of the National Constitution while he speaks during a news conference
in Caracas. | Photo: Reuters

Nestor Revero also indicated that police confiscated several vehicles and film evidence of the failed attempt against President Maduro.

Venezuela’s interior minister Nestor Reverol said on Sunday afternoon that six people had been arrested in the case of drones loaded with explosives that were used as part of an attack against President Nicolas Maduro a day earlier while he was delivering a speech during a military event.

RELATED:   African National Congress Condemns ‘Barbaric’ Attack on venezuelan President Maduro

Reverol said in a statement on the official television station that one of the “terrorists” participated in an attack on a military base in the central city of Valencia in 2017, while another was part of violent anti-government protests in 2014.

He also indicated that the police confiscated several vehicles and film evidence for the failed attempt against Maduro.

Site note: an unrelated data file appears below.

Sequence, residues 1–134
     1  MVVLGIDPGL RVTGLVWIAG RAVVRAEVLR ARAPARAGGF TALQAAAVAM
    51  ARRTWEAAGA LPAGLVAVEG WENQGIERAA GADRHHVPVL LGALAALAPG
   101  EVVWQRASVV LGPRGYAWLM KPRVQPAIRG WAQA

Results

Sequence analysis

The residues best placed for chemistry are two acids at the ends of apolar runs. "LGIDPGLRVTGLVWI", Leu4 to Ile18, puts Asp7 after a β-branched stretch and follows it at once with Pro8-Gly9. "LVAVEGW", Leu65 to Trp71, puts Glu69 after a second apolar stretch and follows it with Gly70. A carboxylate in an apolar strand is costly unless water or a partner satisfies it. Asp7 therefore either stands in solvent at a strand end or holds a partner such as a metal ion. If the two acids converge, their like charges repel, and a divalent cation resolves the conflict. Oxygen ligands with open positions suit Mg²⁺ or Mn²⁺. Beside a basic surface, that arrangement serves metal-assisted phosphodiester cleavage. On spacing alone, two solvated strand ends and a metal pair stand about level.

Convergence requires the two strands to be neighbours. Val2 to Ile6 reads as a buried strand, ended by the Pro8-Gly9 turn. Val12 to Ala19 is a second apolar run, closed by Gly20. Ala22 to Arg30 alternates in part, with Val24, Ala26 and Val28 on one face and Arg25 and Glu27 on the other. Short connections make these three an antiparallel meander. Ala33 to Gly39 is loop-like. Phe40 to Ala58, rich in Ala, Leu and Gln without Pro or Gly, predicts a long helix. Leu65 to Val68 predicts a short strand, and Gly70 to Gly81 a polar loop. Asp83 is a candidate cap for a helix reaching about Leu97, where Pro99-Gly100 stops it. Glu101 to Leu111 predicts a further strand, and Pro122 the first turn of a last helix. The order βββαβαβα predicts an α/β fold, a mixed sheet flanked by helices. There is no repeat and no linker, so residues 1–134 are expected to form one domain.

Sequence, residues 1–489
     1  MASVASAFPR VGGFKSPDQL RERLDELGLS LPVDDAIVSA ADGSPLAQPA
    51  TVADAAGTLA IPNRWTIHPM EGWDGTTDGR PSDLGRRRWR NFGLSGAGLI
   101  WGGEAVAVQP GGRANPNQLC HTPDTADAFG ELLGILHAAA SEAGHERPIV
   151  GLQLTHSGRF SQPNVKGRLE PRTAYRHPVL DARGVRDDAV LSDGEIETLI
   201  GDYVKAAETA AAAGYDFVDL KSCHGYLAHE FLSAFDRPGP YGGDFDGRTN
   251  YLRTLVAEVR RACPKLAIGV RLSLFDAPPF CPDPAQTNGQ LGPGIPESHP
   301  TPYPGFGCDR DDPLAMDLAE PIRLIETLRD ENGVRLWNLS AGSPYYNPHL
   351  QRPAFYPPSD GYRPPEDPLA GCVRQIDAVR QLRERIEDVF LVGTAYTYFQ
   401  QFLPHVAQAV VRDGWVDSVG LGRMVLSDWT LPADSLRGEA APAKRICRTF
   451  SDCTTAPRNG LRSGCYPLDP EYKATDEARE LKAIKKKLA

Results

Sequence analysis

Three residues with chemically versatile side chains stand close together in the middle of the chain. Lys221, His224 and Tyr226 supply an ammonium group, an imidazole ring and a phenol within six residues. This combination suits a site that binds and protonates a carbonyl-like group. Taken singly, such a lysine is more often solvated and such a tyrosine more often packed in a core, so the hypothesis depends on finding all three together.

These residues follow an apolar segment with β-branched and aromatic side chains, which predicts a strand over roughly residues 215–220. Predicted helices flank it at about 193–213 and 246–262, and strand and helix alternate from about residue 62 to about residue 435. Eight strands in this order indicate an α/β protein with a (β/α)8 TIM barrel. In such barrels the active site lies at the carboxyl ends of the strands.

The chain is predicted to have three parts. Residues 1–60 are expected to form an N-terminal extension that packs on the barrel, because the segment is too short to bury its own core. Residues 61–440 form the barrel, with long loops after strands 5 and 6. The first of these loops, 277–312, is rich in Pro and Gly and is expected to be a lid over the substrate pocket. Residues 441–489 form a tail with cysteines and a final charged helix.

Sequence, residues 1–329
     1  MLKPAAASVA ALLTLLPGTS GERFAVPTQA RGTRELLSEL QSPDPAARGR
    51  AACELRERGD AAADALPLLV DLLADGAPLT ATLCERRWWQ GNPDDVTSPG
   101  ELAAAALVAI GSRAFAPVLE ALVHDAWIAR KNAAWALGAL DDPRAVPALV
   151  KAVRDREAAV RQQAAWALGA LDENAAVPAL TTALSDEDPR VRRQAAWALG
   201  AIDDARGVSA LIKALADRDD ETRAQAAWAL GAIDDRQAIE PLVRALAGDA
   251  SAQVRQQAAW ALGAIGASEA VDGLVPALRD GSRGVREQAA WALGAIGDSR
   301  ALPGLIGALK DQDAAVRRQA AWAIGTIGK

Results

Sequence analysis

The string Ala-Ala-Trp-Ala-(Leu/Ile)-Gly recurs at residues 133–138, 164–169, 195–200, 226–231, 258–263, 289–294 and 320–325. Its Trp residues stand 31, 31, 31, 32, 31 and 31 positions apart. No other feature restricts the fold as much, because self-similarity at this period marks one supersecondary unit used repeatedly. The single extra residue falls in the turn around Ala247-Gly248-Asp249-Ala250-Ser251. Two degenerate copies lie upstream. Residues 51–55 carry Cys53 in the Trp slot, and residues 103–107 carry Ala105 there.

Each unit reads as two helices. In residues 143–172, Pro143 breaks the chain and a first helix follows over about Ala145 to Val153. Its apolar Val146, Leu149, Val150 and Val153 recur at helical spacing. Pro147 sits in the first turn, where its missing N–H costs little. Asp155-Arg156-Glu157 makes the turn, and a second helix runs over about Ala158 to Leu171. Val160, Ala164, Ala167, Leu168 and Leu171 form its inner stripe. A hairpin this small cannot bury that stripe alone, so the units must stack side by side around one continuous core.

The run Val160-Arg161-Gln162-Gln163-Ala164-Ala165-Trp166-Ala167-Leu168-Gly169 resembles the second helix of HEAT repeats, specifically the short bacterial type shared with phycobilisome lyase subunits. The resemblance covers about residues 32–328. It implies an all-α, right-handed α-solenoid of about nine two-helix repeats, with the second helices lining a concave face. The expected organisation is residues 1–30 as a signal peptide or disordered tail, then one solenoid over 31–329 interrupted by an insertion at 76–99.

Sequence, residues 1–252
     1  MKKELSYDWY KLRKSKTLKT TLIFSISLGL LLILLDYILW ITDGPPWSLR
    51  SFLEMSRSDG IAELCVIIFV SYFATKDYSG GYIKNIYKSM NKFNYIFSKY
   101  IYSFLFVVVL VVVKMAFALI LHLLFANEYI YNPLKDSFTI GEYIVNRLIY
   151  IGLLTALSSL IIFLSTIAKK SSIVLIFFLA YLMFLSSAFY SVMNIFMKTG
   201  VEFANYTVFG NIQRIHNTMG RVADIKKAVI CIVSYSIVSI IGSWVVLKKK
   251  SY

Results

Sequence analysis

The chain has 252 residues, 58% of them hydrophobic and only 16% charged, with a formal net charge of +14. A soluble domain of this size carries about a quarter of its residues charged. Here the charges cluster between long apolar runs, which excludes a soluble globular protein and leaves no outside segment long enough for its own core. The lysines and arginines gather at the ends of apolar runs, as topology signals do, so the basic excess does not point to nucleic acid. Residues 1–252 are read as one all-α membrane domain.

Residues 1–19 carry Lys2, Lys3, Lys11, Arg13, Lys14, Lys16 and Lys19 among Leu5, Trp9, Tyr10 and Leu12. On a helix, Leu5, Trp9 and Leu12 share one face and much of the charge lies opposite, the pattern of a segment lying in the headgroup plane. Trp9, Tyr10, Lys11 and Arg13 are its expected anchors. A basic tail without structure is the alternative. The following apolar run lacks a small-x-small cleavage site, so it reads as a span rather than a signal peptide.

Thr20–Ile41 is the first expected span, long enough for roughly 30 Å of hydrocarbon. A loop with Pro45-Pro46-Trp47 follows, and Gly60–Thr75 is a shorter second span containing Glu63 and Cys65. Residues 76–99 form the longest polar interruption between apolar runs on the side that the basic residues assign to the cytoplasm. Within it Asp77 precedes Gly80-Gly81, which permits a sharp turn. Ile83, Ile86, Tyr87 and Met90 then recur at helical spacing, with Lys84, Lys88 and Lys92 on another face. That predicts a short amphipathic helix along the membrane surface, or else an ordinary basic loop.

The attack against President Maduro took place at the 81st anniversary of the Bolivarian National Guard, in which two drones carrying explosives were detonated near the presidential platform, injuring seven military personnel and halting Maduro mid-speech.

The investigations have shown that it is a crime of terrorism and assassination, the minister explained, “which makes it clear that they have gone to a higher level of violence,” he said. He added that it was an attack not only against the president but also against the people of Venezuela.

He further said that each of the intercepted drones carried a kilo of explosives c4 capable of effective damage within a radius of 50 meters. They were piloted aircraft remotely and designed for industrial work and can withstand heavy loads. “Thanks to the special techniques of our Presidential Guard it was possible to deactivate the drone,” he explained.

In turn, he confirmed that seven soldiers were injured and that they are being treated. “These terrorist acts demonstrate a slap to the policies of dialogue and national reconciliation promoted by President Nicolás Maduro,” the minister added.